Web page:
The euro rose last week but retreated on Monday and Tuesday. Surprisingly weak German April (export and industrial production) data weighed on the euro. Investors await next moves from the U.S. Federal Reserve ahead of its policy meeting on Wednesday, and are speculating a new approach might include yield curve control.
The British pound strengthened against the dollar although the last round on post-Brexit relations saw no breakthrough. Without an accord with the EU, Britain will fall to WTO rules in 2021, which would be an unfavorable outcome for the pound.
The Japanese yen was little changed with very high volatility. It weakened first, but on Monday and Tuesday, the yen strengthened as investors weighed the possibility of stepped-up bond buying, or a very dovish outlook from the Fed.
Gold prices fell as NFP data on Friday unexpectedly showed that in May the US economy added 2.5 million jobs, while expectations stood at minus 8 million.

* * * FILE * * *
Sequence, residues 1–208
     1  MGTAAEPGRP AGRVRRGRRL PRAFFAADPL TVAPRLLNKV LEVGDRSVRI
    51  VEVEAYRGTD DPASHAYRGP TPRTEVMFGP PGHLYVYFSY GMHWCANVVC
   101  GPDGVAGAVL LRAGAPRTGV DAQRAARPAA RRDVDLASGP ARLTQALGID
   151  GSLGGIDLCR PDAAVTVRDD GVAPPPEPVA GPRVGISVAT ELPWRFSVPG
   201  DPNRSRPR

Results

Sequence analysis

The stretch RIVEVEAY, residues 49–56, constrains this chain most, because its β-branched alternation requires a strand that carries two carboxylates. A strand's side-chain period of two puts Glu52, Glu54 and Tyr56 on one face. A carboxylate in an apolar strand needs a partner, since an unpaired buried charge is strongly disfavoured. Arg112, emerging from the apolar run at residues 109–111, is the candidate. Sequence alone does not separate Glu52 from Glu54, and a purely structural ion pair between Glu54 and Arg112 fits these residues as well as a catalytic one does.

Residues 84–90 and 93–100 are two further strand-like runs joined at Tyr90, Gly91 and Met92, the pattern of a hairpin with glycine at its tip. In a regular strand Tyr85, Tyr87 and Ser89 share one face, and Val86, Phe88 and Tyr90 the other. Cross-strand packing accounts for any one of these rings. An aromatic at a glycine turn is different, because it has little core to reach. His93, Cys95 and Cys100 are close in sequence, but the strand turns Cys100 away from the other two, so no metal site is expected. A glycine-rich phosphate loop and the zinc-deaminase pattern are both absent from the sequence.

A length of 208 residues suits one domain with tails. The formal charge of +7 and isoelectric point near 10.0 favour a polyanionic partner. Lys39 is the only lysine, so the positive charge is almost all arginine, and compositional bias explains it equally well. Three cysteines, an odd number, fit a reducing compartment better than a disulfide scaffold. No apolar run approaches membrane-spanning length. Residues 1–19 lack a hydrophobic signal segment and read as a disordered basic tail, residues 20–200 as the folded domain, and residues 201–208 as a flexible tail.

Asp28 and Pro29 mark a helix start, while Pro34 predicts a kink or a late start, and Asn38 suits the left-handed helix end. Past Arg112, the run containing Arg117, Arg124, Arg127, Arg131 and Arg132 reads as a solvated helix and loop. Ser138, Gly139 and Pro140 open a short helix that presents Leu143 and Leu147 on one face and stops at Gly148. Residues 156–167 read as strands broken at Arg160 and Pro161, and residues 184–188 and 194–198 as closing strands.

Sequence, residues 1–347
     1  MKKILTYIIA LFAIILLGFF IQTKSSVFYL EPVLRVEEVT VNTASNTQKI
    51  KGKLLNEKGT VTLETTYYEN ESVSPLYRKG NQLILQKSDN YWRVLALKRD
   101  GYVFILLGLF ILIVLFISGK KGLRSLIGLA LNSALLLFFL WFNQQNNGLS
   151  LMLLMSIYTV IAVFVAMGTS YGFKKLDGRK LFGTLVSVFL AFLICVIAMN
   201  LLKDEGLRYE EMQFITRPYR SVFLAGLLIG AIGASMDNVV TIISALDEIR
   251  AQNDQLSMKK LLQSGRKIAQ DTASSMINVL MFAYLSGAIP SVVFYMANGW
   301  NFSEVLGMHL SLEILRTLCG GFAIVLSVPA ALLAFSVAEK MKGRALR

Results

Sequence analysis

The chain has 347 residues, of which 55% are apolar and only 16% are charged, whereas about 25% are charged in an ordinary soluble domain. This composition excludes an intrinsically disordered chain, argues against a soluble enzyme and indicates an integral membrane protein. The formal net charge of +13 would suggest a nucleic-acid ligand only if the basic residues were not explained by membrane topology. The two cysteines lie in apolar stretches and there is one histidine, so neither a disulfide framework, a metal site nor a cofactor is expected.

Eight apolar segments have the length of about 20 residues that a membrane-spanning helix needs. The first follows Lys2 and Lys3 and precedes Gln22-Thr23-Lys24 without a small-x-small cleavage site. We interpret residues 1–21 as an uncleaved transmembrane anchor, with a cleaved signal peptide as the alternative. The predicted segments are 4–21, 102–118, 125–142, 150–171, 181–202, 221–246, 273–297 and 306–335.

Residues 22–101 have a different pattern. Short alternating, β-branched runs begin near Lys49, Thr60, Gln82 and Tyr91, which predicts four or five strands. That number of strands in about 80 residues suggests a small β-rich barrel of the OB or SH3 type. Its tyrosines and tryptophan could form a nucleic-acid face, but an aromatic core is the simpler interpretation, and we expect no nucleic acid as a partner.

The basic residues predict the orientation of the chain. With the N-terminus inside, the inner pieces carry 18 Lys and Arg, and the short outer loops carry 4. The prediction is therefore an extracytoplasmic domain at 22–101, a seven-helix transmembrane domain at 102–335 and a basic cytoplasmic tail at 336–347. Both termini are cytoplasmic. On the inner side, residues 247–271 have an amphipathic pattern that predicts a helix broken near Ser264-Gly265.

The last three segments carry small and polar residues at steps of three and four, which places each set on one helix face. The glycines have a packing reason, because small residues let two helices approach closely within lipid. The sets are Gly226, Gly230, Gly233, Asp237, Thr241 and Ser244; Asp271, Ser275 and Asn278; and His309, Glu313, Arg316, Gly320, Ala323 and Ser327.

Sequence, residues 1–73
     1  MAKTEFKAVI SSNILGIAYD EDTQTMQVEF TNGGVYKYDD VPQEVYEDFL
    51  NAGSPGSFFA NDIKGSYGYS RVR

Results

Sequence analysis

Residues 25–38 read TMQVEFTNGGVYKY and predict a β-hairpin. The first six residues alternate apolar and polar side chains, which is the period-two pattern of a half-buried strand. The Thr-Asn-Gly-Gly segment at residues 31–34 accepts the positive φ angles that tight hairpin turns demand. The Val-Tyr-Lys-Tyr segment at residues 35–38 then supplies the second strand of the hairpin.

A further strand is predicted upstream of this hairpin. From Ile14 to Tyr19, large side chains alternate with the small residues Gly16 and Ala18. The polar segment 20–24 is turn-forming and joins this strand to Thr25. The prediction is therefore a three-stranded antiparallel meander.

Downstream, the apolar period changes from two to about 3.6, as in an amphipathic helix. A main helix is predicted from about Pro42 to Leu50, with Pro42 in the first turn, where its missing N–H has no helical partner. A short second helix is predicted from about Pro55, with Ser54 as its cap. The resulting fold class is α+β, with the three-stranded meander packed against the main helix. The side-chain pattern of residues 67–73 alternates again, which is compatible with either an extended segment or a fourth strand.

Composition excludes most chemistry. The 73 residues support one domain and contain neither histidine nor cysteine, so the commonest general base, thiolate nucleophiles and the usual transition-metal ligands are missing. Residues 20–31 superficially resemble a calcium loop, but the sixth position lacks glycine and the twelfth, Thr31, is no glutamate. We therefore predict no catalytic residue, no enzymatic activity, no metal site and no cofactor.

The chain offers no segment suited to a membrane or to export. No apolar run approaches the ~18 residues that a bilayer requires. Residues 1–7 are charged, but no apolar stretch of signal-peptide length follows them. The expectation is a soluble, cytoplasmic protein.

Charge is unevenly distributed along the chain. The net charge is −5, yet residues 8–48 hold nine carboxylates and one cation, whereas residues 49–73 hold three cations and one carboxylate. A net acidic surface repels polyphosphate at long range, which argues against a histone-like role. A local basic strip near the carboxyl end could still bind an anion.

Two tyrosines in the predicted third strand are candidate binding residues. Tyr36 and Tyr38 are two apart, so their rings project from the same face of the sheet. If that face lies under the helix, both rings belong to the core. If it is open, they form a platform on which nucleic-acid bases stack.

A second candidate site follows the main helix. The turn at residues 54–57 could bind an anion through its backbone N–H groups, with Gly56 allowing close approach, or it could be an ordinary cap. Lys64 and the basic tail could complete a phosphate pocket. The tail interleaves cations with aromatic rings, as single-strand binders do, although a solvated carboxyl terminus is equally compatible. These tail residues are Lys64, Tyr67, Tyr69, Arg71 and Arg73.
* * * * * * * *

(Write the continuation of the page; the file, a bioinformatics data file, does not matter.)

US stock indexes continued to rise. Investors shrugged off civic unrest in the US and focused on the reopening of the global economy and on the fact that indexes were still below levels at the beginning of this year, which for some investors presents a key buy signal.
Crude oil prices rose last week but retreated on Monday. OPEC+ agreed on Saturday to extend output cuts of 9.7 million barrel per day into July. However, Goldman Sachs warned on Monday that prices were likely to pull back in the coming weeks due to the uncertain path of future demand and a “daunting” inventory overhang. In addition, Libya took an important step to revive its oil industry by restarting production at two oil fields after a five-month halt.